One of the central “justifications” for copyright is that it is indispensable if creativity is to be viable. Without it, we are assured, artists would starve. This ignores the fact that artists created and thrived for thousands of years before the 1710 Statute of Anne. But leaving that historical detail aside, as well as the larger question of the claimed indispensability of copyright, a separate issue is whether copyright is a good fit for all creativity, or whether it has inherent biases that few like to talk about.
One person who does talk about them is Kevin J. Greene, John J. Schumacher Chair Professor of Law at Southwestern Law School in Los Angeles. In his 2008 paper “‘Copynorms,’ Black Cultural Production, and the Debate Over African-American Reparations” he writes:
To paraphrase Pink Floyd, there’s a dark sarcasm in the stance of the entertainment industry regarding “copynorms” [respect for copyright]. Indeed, the “copynorms” rhetoric the entertainment industry espouses shows particular irony in light of its long history of piracy of the works of African-American artists, such as blues artists and composers.
In another analysis, Greene points out that several aspects of copyright are a poor fit for the way many artists create. For example:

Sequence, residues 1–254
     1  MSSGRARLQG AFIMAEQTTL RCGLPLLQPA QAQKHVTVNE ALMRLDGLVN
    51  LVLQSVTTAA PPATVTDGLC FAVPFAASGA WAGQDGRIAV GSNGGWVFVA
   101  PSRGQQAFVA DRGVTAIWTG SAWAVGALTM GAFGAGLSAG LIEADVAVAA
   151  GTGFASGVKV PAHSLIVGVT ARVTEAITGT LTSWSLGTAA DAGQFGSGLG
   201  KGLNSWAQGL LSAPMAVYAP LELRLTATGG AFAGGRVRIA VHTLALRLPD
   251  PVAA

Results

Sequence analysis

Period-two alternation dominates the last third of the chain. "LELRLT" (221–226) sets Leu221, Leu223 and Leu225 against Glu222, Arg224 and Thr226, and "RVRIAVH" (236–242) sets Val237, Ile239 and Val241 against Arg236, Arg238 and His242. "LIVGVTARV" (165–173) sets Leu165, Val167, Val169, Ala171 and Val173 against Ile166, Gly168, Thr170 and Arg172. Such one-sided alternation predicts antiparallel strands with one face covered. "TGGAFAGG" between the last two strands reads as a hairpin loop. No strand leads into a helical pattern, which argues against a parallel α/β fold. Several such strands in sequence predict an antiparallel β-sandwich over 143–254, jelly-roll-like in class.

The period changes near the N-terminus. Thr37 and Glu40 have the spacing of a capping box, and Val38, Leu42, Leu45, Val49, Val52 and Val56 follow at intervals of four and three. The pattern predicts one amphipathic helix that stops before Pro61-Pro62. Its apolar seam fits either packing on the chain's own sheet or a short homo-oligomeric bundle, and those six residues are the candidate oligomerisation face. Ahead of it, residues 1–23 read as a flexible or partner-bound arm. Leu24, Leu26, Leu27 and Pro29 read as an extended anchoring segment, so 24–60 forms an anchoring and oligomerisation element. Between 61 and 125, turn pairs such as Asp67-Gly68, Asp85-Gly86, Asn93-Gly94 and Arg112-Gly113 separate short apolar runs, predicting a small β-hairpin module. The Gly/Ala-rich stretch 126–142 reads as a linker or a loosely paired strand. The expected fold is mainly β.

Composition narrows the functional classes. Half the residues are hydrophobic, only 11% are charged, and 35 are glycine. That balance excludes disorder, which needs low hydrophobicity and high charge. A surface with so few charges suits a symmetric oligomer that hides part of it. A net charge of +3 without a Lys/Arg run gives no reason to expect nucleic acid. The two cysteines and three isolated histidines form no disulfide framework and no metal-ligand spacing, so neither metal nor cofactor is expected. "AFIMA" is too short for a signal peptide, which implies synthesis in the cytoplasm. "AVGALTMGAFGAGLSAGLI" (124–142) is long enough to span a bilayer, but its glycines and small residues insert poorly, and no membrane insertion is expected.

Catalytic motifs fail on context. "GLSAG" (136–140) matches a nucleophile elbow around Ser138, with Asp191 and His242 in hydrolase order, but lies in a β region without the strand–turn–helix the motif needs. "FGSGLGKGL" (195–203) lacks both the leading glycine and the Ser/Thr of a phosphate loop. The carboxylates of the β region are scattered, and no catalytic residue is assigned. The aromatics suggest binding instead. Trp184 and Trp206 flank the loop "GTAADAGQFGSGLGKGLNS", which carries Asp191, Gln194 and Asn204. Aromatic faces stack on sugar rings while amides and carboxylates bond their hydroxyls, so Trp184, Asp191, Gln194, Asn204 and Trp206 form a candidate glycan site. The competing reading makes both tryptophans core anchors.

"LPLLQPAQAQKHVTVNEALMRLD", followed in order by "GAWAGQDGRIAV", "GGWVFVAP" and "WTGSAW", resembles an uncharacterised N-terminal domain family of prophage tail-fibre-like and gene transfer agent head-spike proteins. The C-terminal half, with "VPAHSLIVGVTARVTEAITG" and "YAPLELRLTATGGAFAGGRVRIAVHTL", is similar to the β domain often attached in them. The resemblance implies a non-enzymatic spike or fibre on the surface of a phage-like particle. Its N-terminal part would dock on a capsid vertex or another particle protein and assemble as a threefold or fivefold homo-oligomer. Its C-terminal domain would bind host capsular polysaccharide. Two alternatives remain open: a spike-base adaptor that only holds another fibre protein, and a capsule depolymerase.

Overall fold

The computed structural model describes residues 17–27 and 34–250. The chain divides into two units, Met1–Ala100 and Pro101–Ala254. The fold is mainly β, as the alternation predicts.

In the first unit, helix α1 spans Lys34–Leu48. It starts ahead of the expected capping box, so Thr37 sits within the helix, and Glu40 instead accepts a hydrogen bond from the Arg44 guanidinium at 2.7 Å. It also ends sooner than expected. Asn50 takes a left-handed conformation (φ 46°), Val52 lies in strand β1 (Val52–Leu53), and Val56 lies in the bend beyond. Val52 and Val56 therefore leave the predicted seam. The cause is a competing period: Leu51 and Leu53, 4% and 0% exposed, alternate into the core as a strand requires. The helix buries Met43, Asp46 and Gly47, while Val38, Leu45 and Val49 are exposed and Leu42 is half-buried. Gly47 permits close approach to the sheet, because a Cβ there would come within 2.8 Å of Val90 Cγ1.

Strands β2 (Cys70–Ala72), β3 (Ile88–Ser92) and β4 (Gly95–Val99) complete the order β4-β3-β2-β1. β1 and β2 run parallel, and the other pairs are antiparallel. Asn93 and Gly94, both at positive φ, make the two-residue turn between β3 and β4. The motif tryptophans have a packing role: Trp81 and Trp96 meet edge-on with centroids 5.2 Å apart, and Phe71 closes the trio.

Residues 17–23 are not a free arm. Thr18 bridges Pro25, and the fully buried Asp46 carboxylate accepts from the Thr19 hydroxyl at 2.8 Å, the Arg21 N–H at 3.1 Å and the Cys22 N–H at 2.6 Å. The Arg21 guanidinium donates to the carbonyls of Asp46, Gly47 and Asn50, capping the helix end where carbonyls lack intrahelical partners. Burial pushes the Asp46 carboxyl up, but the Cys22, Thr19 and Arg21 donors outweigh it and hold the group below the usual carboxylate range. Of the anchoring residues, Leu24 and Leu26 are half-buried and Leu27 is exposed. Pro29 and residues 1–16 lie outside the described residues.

The [US] Copyright Act requires that “a work of authorship must be “fixed in any tangible medium of expression, now known or later developed, from which [it] can be perceived, reproduced, or otherwise communicated, either directly or indirectly with the aid of a machine or device.” Although “race-neutral”, the fixation requirement has not served the ways Black artists create: “a key component of black cultural production is improvisation.” As a result, fixation deeply disadvantages African-American modes of cultural production, which are derived from an oral tradition and communal standards.
The same is true for much creativity outside the Western nations that invented the idea of copyright, and then proceeded to impose its norms on other nations, not least through trade agreements. Greene’s observation suggests that copyright is far from universally applicable, and may just be a reflection of certain cultural and historical biases. When people talk airily about how copyright is needed to support artists, it is important to ask them to specify which artists, and to examine then whether copyright really is such a good fit for their particular kind of creativity.
Featured image by Rob Bogaerts (ANEFO).